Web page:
The concept of Google+ Circles is not a revolutionary one.
Many of us already use digital tools to segment our contacts and the information we share with them, including multiple email addresses, Twitter accounts, and Web sites.
Google+ makes segmentation easier, but do we need it?
To examine this question, I went back to three books that discuss organization, communication and the effects of digital technology on the finding and sharing of content. Technology is making it possible – and in many cases, necessary – to segment our activities into niches.
The Long Tail, Niche Interests, and Circles
“Mass culture may fade, but common culture will not. We will still share our culture with others, but not with everyone.” – Chris Anderson, The Long Tail
One of Chris Anderson’s main points in “The Long Tail” is that digital tools make it easier to find, create, and share content. Everything from obscure music to old TV shows and books can now be found with relative ease, creating new markets for our niche interests.
By definition, our niche interests aren’t shared by most of our friends, family, and co-workers. So how can we share all of this content with the people who are interested in it?
The key is to find a way to easily separate our contacts into different groups. Google+ seems to be a great tool for this.
Starfish and Circles
“Circles are important to every decentralized organization we’ve explored.” – Ori Brafman and Rod Beckstrom The Starfish and the Spider
Ori Brafman and Rod Beckstrom focus on the advantages of decentralized organizations in “The Starfish and the Spider.” The authors refer to circles as, “…the first of five important foundations of a decentralized organization.”
Our contacts are our own decentralized organizations – everyday, we recognize the value of pieces of content and then determine who might be interested in them. Whether we realize it or not, we are actually creating groups of contacts and distributing information to the correct groups, without much thought given to the benefits of a digital tool to structure these groups.
Google+ is a digital tool that allows you to organize around this concept, making it easier to share the right content with the right people.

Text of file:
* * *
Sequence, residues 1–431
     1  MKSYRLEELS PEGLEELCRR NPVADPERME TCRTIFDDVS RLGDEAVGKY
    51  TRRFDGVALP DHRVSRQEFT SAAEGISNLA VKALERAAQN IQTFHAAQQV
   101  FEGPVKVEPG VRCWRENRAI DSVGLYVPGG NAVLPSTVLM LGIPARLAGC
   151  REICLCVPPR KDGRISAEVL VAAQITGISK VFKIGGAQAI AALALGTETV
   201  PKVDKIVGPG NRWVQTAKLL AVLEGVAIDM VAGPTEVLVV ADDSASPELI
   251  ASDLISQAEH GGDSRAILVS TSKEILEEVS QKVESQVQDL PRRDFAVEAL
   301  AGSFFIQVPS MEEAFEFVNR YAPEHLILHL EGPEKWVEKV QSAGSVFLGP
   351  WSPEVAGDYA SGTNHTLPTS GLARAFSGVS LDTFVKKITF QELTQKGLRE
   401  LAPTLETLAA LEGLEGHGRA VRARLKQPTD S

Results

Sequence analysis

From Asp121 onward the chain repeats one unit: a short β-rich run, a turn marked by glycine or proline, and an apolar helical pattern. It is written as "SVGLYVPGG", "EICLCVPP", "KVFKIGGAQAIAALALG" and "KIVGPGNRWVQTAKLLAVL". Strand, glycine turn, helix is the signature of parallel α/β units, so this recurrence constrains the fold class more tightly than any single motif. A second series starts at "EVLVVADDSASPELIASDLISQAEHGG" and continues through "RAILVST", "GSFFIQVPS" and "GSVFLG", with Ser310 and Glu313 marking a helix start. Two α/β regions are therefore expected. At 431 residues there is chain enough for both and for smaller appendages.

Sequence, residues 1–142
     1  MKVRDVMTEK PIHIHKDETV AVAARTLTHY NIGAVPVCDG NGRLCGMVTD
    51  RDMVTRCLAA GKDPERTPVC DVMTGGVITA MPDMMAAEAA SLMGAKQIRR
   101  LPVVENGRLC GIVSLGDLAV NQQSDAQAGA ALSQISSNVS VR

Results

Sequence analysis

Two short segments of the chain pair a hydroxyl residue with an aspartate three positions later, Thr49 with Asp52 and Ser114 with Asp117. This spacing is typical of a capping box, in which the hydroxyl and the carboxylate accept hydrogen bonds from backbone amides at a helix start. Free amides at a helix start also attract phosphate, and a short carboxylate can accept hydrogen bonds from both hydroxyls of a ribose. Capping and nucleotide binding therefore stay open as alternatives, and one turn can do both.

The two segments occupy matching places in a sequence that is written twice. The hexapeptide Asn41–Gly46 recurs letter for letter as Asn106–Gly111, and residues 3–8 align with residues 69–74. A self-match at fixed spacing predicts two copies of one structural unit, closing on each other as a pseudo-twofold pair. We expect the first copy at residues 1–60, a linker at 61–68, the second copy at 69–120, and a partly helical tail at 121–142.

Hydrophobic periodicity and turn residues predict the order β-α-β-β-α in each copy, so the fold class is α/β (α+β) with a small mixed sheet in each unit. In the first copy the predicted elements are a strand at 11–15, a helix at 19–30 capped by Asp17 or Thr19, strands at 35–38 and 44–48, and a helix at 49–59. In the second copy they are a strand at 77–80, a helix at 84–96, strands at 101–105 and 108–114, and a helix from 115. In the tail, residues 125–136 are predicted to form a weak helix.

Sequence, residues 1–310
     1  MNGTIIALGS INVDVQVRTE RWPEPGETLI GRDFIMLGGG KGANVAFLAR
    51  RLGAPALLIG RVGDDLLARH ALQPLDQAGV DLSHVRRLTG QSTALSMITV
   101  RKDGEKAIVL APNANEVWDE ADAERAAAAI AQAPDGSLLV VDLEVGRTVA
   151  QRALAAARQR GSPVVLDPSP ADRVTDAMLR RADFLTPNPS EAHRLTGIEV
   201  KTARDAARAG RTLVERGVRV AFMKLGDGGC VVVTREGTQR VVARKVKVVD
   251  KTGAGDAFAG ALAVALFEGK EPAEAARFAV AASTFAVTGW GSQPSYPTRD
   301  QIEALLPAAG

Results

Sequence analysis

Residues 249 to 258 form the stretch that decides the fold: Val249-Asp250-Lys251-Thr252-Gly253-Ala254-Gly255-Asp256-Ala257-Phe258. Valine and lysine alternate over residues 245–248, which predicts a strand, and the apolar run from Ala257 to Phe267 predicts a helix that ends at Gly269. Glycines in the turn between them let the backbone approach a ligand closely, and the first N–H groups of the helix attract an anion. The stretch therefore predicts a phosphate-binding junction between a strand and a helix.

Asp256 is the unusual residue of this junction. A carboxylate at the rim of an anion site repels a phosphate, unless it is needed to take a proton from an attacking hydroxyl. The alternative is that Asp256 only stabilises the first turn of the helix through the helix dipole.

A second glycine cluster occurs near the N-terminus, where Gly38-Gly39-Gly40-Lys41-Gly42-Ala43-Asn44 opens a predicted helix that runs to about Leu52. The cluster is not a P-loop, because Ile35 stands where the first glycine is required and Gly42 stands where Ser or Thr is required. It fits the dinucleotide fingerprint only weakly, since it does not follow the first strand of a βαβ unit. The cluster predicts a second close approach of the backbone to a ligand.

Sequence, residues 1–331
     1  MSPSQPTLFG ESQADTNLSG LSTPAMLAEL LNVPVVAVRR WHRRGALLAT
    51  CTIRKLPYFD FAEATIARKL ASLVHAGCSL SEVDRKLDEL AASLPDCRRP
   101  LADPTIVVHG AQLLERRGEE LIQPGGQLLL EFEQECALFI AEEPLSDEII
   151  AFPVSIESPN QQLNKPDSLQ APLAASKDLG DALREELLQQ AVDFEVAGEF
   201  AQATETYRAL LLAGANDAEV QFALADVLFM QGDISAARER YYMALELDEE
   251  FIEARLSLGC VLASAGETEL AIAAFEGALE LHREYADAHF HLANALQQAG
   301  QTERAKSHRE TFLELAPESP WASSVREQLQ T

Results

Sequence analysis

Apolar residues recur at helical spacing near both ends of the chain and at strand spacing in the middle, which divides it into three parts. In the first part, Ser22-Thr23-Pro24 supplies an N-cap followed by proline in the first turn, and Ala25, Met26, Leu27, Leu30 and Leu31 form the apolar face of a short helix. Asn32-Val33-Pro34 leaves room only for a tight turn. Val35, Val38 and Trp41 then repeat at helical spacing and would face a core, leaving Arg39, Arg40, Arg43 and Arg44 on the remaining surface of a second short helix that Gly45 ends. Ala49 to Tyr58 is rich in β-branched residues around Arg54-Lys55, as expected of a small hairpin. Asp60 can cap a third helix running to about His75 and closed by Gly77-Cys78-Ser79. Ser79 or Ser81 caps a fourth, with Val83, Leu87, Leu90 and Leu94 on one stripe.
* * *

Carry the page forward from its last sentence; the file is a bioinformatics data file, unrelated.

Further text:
Making Ideas Happen with Circles
“Circles like this play a critical role in making ideas happen across creative industries.” – Scott Belsky “Making Ideas Happen”
“Making Ideas Happen” is a must-read for anyone looking to jump start their productive output. Belsky recommends using circles to communicate with different groups of people across organizations.
Belsky warns that circles should be limited to roughly 15 people – groups much larger may experience a breakdown in communication and organization. This seems to suggest that a Google+ Circle should be broken into smaller sub-groups of 15 members – for instance, a Circle for “Family” could be divided into circles for immediate family, nieces/nephews, distant cousins, etc.
It should be noted that Belsky seems to be unimpressed with the early version of Google+. In a recent Tweet, he said, “I find it’s just a stream of a few vocal folks. Not engaging nor balanced.” I suspect this issue will sort itself out when more people begin actively using G+ and/or when Belsky breaks his Circles into smaller Circles.
Circles: A New Twist On An Old Concept
Of course, you can easily segment your contacts on Facebook and Twitter using lists, but lists are almost an afterthought for these networks. In fact, I’ve found it’s actually easier to create a separate Twitter account for each project or group of contacts, than it is to maintain and check on my lists.
In contrast, segmentation is built into the DNA of Google+. To get the most value out of Google+, it is helpful to understand the concept behind chopping up your contact list into smaller segments, or circles.
Circles aren’t a feature as much as they are the building block of the network itself. Have you determined your segmentation yet? How are you creating your circles?
John Fitzgerald is a documentary filmmaker. He produced The Emerald Diamond (2006) and Playing for Peanuts (2009). He currently serves as a social media consultant to several pro baseball teams and non-profits.